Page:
The Cincinnati Bengals follow a head coach who went chasing his strong safety Sunday afternoon with a Gatorade bucket. Sam Wyche also ordered his most relevant play Sunday with the sleight of his hand and a kick of the turf. Upon seeing this signal, backup quarterback Turk Schonert mosied onto the field, snuck up behind center on what was supposed to be a punt and handed off for a first down.

When rookie fullback Ickey Woods subsequently plowed for the one-yard score that clinched a 21-10 victory over the Buffalo Bills, it meant Cincinnati will be returning to its second Super Bowl this decade, a rematch of 1982 with the San Francisco 49ers in Miami's Joe Robbie Stadium, Jan. 22.Hurry as they might on offense, the Bengals accomplished the victory with a slow-you-down defense that intercepted Bills quarterback Jim Kelly three times and ravaged what there was of any lingering Buffalo running attack (45 rushing yards in all). On third down conversions, the Bills were zero for 10. "The Houston Oilers thought we were a finesse team," said quarterback Boomer Esiason afterward, "but we're finessing all the way to the Super Bowl."

The Bengals were more than a bit perturbed when, less than two hours before the game, NFL officials informed them that their quick-snap offense would be scrutinized for unsportsmanlike principles. Over the last three years, the Bengals have been using a no-huddle, quick-snap attack that often trapped defenses into penalties. "Then," Wyche said, "1 hour, 50 minutes before the championship game, they told us we couldn't use it."

But the Bengals adjusted, and later prospered from a referee's pivotal decision. The play was orchestrated neither by Esiason nor by Woods, who did bump his way for 102 yards on 29 carries. Instead, it was wide receiver Tim McGee's cut blocks of cornerback Derrick Burroughs that led to the put-away touchdown.

Just after the fake punt gained a first down at the Bills' 27, the Bengals bowled down to the 5 with a bevy of runs and passes. On second-and-goal from the 5, however, linebacker Shane Conlan burrowed through a block and tossed Woods for a four-yard loss. But downfield in the end zone McGee was blocking Burroughs face-to-face.

All day long, McGee had blocked Burroughs at the knees and at the ankles. He felt he was too small to block him high, but Burroughs took exception to the chop blocks because he'd had previous ankle troubles. And on the play previous to Conlan's big hit, a McGee chop block had missed, and Burroughs stepped on the wide receiver's chest to say, "I should step on your face." Referees warned Burroughs right then to cut it out.

While Conlan was celebrating his tackle that would have set up a third and nine, Burroughs threw an accurate forearm to McGee's face. Not only did this land the Bengals a first and goal and the subsequent touchdown to make it 21-10 with 14:56 to play, it landed McGee an extra $10 and Burroughs on the bench; he was ejected by the referee.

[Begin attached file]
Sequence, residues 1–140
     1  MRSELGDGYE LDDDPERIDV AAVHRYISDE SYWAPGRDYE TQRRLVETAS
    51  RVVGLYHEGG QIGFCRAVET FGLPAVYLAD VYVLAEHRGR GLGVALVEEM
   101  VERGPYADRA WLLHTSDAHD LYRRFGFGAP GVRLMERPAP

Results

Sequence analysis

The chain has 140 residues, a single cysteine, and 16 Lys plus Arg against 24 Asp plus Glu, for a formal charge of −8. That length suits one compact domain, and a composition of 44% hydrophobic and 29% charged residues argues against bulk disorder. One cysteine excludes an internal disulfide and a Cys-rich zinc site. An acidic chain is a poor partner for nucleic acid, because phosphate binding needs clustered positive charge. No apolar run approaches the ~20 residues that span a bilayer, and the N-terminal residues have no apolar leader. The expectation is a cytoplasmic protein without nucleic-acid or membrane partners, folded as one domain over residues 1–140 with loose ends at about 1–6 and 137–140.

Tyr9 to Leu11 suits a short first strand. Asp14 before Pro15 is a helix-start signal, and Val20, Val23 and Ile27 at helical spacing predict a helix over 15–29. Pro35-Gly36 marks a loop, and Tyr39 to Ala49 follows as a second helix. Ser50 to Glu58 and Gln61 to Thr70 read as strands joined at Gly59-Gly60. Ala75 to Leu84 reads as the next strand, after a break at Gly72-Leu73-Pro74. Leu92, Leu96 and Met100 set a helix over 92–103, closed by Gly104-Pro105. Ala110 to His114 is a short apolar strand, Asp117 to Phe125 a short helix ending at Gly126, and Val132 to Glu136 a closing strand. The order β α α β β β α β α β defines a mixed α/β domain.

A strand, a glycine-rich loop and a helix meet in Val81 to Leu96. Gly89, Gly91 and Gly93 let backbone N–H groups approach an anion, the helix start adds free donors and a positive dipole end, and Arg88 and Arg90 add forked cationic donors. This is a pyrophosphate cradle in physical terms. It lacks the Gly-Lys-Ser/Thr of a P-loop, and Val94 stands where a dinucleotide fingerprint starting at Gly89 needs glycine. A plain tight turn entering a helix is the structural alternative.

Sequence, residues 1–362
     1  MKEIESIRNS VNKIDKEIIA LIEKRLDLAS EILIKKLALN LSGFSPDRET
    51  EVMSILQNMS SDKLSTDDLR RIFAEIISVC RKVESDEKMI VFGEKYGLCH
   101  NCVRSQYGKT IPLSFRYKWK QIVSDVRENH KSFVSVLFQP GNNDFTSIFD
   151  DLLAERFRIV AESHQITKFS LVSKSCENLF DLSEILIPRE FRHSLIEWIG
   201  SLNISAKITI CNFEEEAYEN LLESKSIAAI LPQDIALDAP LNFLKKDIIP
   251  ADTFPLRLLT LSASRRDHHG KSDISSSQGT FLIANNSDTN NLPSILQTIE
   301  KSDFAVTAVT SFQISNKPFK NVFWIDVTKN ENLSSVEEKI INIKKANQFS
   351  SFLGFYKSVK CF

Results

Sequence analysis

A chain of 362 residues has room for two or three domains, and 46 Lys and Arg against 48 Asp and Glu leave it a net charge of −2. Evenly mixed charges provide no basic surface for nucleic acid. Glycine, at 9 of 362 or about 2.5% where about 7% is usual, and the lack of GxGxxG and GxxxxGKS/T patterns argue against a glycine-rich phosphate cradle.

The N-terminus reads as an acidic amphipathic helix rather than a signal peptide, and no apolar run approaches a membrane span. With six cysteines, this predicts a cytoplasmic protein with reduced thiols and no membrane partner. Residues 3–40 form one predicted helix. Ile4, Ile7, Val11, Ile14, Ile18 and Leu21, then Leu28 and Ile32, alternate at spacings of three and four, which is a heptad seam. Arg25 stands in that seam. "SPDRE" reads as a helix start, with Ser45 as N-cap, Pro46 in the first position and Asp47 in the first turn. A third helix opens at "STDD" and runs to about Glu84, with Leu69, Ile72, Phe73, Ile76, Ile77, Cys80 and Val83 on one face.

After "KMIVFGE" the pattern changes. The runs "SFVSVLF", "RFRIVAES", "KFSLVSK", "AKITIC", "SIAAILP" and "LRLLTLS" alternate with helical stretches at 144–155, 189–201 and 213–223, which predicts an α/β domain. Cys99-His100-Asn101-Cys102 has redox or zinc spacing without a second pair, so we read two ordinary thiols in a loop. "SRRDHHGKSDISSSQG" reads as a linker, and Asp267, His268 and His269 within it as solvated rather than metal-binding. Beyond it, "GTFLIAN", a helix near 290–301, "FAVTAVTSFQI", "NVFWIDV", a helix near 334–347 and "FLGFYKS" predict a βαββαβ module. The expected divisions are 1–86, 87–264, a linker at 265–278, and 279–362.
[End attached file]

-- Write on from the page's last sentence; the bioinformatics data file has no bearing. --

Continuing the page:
Burroughs declined comment afterward, though teammate Leonard Smith said he never heard any warning from the referees and added, "I think it's kind of harsh to eject a guy at a critical point in the game. But that was the turning point. We had stopped them, and they got another crack at it."

As for McGee, he said there's a team-wide rule that any time a wide receiver flattens a defensive back, he gets $10 from the team piggy bank.

Meantime, Buffalo Coach Marv Levy's season-long motto had been, "Don't be dumb, don't be dirty," and Burroughs seemingly forgot. "I'm not going to point any fingers, but no doubt today we were dumb and we were dirty," quarterback Kelly said.

Near mutiny came next for the Bills, who had a lively postgame shouting match in their locker room. NBC-TV evacuated. Reportedly, Levy had asked his players to come forward for a wrap-up speech, though not everyone came, including punt returner Erroll Tucker, a former Ute star. Tackle Joe Devlin, who prides himself on being a team figurehead, said, "Everybody up," and when Tucker balked, Devlin said, "When I talk, you listen."

Tucker's reported response was, "I don't need this," and he was presumably referring to Levy's chat. The coach apparently had upset players with his conservatism and nagging, and Devlin and Tucker ended up shoving each other, though no blows reportedly landed.

In the other locker room, the man his players are now calling Miami Wyche was winking at his quarterback, Esiason, and saying, "Isn't this the greatest?" Esiason said, "No, I've had better feelings," and then they laughed.

Esiason, who wore his University of Maryland sweatshirt under his uniform Sunday, was not stellar out there. He was 11 of 20 for 94 yards and two interceptions, and his one touchdown pass, of 15 yards to running back James Brooks that made it 14-7 near halftime, was a Billy Kilmer quail that Brooks hoped would reach him this decade.

Speculation also is continuing that Esiason is not particularly healthy, and he admitted a swollen ankle has limited his mobility.